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A multidisciplinary team of undergraduate students researched specific effects of the Paycheck Protection Program (PPP) on the banking industry and county-level unemployment. The program helped small businesses stay afloat during the pandemic by providing low-interest loans with built-in forgiveness. The team aggregated PPP loan data at the bank and county levels and used regression analysis to answer the following questions: 1) Is greater county-level PPP participation associated with a lower increase in unemployment? Indeed, a 1% increase in the county-level ratio of PPP loans to the endof-2019 county GDP is associated with the unemployment increase between 2019 and 2020 that is lower by. 0.02%. 2) How did participating in the PPP affect banks’ noninterest income and expenses? a. Did banks with greater PPP participation have their noninterest expense increase. Processing many loans on a short notice is costly and drains resources, which may increase a bank’s noninterest expense (e.g., salaries) in the short run. Consistent with this reasoning, a 1% increase in the ratio of PPP loans made by the bank to its pre-pandemic total assets is associated with a 0.02% increase in the bank’s noninterest expense in 2020. b. Did banks with greater PPP participation have their noninterest income decrease? Processing many loans on a short notice may force banks to divert employees and other resources from other services that generate noninterest (i.e., fee) income for the bank. Our findings contrast this prediction: a 1% increase in the ratio of PPP loans made by the bank to its pre-pandemic total assets is associated with a 0.05%increase in the bank’s noninterest income. It may be related to higher fees generated for processing PPP loans. 3) Were banks with higher pre-pandemic interest expense (cost of funds) more likely to take loans from the Federal Reserve’s Payment Protection Program Lending Facility (PPPLF)? The PPPLF had a fixed interest rate of 0.35%, while PPP loans had an interest rate of 1%. We find that banks with the higher pre-pandemic ratios of interest expenses relative to total assets were more likely to resort to PPPLF loans. Based on these analyses and anecdotal evidence that many banks struggled to find resources necessary for an emergency lending program with such short notice, the team has recommended to have a centralized facility next time where both applicants and lenders would register.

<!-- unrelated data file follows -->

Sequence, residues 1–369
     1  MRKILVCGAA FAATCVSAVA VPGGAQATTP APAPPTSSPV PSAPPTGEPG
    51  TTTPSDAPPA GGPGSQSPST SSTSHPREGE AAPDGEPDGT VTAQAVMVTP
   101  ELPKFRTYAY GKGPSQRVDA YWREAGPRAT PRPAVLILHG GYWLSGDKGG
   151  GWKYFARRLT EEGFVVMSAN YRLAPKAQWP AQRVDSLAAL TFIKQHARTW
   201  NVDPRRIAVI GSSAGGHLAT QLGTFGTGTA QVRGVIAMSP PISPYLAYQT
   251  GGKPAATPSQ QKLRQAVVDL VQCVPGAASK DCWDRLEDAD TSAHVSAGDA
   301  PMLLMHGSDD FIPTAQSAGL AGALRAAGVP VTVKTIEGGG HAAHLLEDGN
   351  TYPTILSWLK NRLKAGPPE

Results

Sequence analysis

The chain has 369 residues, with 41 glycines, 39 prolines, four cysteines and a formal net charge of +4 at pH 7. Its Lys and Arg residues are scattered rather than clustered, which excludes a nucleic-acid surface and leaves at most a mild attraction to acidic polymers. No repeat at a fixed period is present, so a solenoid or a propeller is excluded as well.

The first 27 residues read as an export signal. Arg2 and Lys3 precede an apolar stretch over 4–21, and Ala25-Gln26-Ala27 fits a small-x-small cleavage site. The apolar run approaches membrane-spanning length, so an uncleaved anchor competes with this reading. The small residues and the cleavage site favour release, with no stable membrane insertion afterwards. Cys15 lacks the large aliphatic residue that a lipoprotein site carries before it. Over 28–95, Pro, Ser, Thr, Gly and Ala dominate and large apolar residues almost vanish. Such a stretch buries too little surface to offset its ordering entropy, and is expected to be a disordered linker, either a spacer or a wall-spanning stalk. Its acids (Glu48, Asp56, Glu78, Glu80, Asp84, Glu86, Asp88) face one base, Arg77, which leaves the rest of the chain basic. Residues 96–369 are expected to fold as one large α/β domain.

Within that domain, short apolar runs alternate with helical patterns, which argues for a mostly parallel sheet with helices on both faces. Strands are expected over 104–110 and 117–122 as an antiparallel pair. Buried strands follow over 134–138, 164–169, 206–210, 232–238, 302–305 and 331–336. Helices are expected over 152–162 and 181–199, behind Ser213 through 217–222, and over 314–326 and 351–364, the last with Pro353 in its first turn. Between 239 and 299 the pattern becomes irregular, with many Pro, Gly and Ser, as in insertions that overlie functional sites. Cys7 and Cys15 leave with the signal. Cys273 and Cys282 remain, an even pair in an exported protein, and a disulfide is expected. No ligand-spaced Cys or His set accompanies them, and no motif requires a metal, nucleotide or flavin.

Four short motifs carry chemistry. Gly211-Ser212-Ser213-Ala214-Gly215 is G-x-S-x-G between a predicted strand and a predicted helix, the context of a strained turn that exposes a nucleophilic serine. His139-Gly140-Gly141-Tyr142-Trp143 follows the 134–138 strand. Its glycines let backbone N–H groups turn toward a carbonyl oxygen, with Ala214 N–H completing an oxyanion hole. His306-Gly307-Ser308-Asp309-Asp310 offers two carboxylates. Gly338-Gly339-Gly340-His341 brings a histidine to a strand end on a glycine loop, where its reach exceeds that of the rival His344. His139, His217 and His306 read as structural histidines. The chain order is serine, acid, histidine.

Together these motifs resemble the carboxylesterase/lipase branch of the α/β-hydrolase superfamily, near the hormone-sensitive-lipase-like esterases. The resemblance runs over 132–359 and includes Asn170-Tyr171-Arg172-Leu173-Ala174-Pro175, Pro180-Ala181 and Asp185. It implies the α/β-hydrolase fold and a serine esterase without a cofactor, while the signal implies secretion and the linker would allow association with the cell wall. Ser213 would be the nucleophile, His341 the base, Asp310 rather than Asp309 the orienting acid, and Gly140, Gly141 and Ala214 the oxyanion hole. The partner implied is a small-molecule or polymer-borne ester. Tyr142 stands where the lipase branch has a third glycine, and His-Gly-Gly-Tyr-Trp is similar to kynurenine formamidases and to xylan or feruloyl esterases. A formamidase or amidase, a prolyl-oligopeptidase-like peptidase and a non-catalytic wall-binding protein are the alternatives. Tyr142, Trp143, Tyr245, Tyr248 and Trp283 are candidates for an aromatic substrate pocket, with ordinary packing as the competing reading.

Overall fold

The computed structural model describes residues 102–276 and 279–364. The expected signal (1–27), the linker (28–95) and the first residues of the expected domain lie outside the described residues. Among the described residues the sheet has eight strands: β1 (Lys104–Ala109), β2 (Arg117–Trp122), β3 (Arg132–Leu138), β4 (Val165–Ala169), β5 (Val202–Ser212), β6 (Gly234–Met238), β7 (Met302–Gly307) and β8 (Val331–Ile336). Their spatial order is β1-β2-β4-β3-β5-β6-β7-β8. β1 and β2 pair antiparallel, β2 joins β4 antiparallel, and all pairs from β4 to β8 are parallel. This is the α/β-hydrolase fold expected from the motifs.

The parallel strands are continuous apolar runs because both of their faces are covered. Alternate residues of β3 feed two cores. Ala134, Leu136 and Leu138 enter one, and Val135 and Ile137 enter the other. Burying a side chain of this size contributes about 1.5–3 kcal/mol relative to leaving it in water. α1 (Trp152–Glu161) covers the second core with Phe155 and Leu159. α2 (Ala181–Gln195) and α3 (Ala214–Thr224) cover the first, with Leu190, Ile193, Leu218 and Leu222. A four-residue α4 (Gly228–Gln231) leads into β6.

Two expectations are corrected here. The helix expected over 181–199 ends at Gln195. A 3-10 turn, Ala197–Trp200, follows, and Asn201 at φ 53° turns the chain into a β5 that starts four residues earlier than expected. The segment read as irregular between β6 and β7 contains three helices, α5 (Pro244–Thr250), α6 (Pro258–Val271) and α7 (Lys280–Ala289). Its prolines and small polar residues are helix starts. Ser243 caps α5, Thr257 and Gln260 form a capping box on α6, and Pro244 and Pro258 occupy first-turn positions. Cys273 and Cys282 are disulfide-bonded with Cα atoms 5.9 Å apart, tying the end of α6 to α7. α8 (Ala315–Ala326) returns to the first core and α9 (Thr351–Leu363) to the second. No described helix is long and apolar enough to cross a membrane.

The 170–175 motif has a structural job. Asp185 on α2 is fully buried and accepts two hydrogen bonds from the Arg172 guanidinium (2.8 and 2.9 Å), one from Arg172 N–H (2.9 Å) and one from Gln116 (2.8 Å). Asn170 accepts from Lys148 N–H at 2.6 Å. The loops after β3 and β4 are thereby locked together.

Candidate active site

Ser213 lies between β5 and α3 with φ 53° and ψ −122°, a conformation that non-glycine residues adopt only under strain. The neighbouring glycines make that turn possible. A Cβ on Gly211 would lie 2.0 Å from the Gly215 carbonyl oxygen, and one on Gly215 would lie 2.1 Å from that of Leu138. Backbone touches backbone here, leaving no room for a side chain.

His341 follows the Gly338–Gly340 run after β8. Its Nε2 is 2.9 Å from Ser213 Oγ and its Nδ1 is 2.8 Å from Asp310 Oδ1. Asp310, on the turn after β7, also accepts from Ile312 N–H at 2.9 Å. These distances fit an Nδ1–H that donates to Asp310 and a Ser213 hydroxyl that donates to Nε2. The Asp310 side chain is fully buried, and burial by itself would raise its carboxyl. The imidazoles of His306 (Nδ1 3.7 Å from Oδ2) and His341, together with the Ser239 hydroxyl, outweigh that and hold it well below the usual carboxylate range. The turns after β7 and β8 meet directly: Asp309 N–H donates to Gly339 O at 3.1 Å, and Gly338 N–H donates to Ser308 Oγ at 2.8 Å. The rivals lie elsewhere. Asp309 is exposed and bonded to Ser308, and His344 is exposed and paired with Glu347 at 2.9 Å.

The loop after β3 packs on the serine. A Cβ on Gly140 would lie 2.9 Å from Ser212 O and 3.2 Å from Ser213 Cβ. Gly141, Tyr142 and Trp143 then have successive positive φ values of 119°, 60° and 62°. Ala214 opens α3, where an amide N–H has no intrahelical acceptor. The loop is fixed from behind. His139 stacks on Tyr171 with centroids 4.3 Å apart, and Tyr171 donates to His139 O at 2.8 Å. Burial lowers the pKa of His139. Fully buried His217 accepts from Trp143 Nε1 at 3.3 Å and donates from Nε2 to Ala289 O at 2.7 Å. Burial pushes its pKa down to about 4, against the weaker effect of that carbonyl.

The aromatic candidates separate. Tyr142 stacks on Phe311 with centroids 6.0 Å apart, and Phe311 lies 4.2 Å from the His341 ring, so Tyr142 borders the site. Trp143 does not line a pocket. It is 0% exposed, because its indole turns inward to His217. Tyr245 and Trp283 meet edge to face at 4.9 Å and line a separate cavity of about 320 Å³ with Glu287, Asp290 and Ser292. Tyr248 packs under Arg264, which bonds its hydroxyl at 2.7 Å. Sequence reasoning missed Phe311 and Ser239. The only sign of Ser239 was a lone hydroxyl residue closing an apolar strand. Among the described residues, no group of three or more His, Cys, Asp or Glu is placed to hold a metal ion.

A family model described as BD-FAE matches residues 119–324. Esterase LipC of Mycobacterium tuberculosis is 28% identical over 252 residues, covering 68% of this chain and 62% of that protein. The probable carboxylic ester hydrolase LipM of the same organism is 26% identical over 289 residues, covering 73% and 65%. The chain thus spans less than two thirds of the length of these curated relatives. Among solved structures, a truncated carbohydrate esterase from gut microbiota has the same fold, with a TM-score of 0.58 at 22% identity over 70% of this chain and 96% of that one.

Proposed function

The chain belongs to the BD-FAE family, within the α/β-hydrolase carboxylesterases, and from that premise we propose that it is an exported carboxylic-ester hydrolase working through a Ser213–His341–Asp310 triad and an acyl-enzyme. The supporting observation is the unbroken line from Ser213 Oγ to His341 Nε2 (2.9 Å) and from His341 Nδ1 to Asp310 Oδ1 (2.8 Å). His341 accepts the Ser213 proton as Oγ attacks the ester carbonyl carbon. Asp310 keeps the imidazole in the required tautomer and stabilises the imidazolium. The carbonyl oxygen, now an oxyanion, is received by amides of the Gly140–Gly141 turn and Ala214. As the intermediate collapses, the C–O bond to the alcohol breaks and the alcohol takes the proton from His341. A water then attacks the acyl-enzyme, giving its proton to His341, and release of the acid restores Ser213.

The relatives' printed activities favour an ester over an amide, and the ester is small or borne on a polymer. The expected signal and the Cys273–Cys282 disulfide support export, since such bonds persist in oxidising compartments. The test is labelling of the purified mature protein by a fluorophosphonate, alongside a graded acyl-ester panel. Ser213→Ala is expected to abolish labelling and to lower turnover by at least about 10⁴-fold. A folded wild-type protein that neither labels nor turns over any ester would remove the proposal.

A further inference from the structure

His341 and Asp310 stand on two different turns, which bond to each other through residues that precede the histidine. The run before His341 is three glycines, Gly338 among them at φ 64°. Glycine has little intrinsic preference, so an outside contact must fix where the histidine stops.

Morr, Rudy, "IMPACT OF THE PAYCHECK PROTECTION PROGRAM ON THE BANKING INDUSTRY" (2022). University Research Symposium. 366.